Dependency and lightness at every fixed round. Let \((\mathbf {W}_A,\mathbf {W}_B) \equiv \mathcal {GV}(M,P)\). The product distribution we are looking for will be \(\mathbf {W}_A \times \mathbf {W}_B\). When we run UnbEve, by Lemma 3.6 it holds that \({\text {*}}{\mathbb {E}}_{(M,P)}[\Delta ((\mathbf {W}_A,\mathbf {W}_B),\mathcal {V}(M,P))] \le 3\varepsilon _2\), because otherwise the probability of \(\mathsf {Fail}\) will be more than \(3\varepsilon _2\). Also, by Corollary 3.14 it holds that \(\mathsf {StatDep}(\mathcal {V}(M,P)) \le 2\varepsilon _2\), and by Lemma 4.6, it holds that \(\mathsf {SelfDep}(\mathcal {V}(M,P)) = \Delta (\mathcal {V}(M,P), (\mathbf {W}_A \times \mathbf {W}_B)) \le 6 \varepsilon _2\). Thus, when we run UnbEve, we get \({\text {*}}{\mathbb {E}}_{(M,P)}[\Delta ((\mathbf {W}_A \times \mathbf {W}_B),\mathcal {V}(M,P))] \le 9 \varepsilon _2\). By Claim 3.20, the upper bound of \(9 \varepsilon _2\) when we modify UnbEve to Eve (by not asking red queries) could increase only by \(6 \varepsilon _2\). This proves the first part.

To prove the second part, again we use Claim 3.20 which bounds the probability of asking a red query by \(6 \varepsilon _2\). Also, as long as we do not halt Eve (i.e., no red query is asked), Eve and UnbEve remain the same, and the lightness claims hold for UnbEve by definition of the attacker UnbEve.

Removing the Rationality Condition

In this subsection, we show that all the results of this paper, except the graph characterization of Lemma 3.8, hold even with respect to random oracles that are not necessarily rational according to Definition 2.2. We will show that a variant of Lemma 3.8, which is sufficient for all of our applications, still holds. In the following, by an irrational random oracle we refer to a random oracle that satisfies Definition 2.2 except that its probabilities might not be rational.

Lemma 4.9

(Characterization of \(\mathcal {V}(M,P))\) Let H be an irrational oracle, let M be the sequence of messages sent between Alice and Bob so far, and let P be the set of oracle query–answer pairs known to Eve (who uses parameter \(\varepsilon \)) by the end of the round in which the last message in M is sent. Also suppose \(\Pr _{\mathcal {V}(M,P)}[\mathsf {Good}(M,P)]>0\). Let \((\mathbf {V}_A, \mathbf {V}_B)\) be the joint view of Alice and Bob as sampled from \(\mathcal {GV}(M,P)\), and let \({\mathcal U}_A = \hbox {Supp}(\mathbf {V}_A), {\mathcal U}_B = \hbox {Supp}(\mathbf {V}_B)\). Let \(G = ({\mathcal U}_A,{\mathcal U}_B,E)\) be a bipartite graph with vertex sets \({\mathcal U}_A,{\mathcal U}_B\) and connect \(u_A \in {\mathcal U}_A\) to \(u_B \in {\mathcal U}_B\) if and only if \({\mathcal Q}(u_A) \cap {\mathcal Q}(u_B) \subseteq {\mathcal Q}(P)\). Then there exists a distribution \(\mathbf {U}_A\) over \({\mathcal U}_A\) and a distribution \(\mathbf {U}_B\) over \({\mathcal U}_B\) such that:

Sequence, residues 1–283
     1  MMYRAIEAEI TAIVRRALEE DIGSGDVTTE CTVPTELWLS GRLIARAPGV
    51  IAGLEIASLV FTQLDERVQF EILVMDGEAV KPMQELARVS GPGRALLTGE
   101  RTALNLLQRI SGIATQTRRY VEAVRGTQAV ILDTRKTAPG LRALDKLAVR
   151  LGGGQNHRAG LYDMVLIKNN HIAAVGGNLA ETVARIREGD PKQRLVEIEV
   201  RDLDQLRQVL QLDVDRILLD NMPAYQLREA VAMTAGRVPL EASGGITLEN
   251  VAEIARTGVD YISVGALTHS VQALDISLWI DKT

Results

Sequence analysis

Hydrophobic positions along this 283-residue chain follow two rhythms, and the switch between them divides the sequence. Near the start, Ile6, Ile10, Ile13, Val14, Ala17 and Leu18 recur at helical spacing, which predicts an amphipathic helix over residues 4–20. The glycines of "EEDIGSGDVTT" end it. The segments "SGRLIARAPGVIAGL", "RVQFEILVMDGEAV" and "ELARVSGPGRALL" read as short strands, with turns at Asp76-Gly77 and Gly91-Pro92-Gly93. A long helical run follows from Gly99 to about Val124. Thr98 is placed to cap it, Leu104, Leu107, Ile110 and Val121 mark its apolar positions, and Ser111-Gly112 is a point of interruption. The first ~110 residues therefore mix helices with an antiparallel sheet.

1. 1.

    For every vertex \(u \in {\mathcal U}_A\), it holds that \(\Pr _{v \leftarrow \mathbf {U}_B}[u \not \sim v] \le 2\varepsilon \), and similarly for every vertex \(u \in {\mathcal U}_B\), it holds that \(\Pr _{v \leftarrow \mathbf {U}_A}[u \not \sim v] \le 2\varepsilon \).

  2. 2.

    The distribution \((V_A,V_B) \leftarrow \mathcal {GV}(M,P)\) is identical to: sampling \(u \leftarrow \mathbf {U}_A\) and \(v \leftarrow \mathbf {U}_B\) conditioned on \(u \sim v\), and outputting the views corresponding to u and v.


Proof Sketch. The distributions \(\mathbf {U}_A\) and \(\mathbf {U}_B\) are in fact the same as the distributions \(\mathbf {A}\) and \(\mathbf {B}\) of Lemma 3.9. The rest of the proof is identical to that of Lemma 3.8 without any vertex repetition. In fact, repetition of vertices (to make the distributions uniform) cannot be necessarily done anymore because of the irrationality of the probabilities. Here we explain the alternative parameter that takes the role of \(|E^{\not \sim }(u)|/|E|\). For \(u \in {\mathcal U}_A\) let \(q^{\not \sim }(u)\) be the probability that if we sample an edge \(e \leftarrow (\mathbf {V}_A,\mathbf {V}_B)\), it does not contain u as Alice’s view, and define \(q^{\not \sim }(u)\) for \(u \in {\mathcal U}_B\) similarly. It can be verified that by the very same argument as in Lemma 3.8, it holds that \(q^{\not \sim }(u) \le \varepsilon \) for every vertex u in G. The other steps of the proof remain the same. \(\square \)

The characterization of \(\mathcal {V}(M,P)\) by Lemma 4.9 can be used to derive Corollary 3.14 directly (using the same distributions \(\mathbf {U}_A\) and \(\mathbf {U}_B\)). Remark 3.13 also holds with respect to Lemma 4.9. Here we show how to derive Lemma 3.7 and the rest of the results will follow immediately.

Proving Lemma 3.7. Again, we prove Lemma 3.7 even conditioned on choosing any vertex v that describes Bob’s view. For such vertex v, the distribution of Alice’s view, when we choose a random edge \((u,v') \leftarrow (\mathbf {V}_A,\mathbf {V}_B)\) conditioned on \(v=v'\) is the same as choosing \(u \leftarrow \mathbf {U}_A\) conditioned on \(u \sim v\). Let us call this distribution \(\mathbf {U}^v_A\). Let \(S = \{u \in {\mathcal U}_A \mid q \in A_u \}\) where q is the next query of Bob as specified by v. Let \(p(S) = \sum _{u \in S} \Pr [\mathbf {U}_A = u], q(S) = \Pr _{(u,v) \leftarrow (\mathbf {V}_A,\mathbf {V}_B)}[u \in S]\), and let \(p(E) = \Pr _{u \leftarrow \mathbf {U}_A, v \leftarrow \mathbf {U}_B} [u \sim v ]\). Also let \(p^\sim (v) = \sum _{u \sim v} \Pr [\mathbf {U}_A = u]\). Then, we have:

The second and fourth inequalities are due to the degree lower bounds of Item 1 in Lemma 4.9. The third inequality is because \(p(E) < 1\). The fifth inequality is because of the definition of the attacker Eve who asks \(\varepsilon /n_B\) heavy queries for Alice’s view when sampled from \(\mathcal {GV}(M,P)\), as long as such queries exist. The sixth inequality is because we are assuming \(\varepsilon < 1/10\).


  1. 1.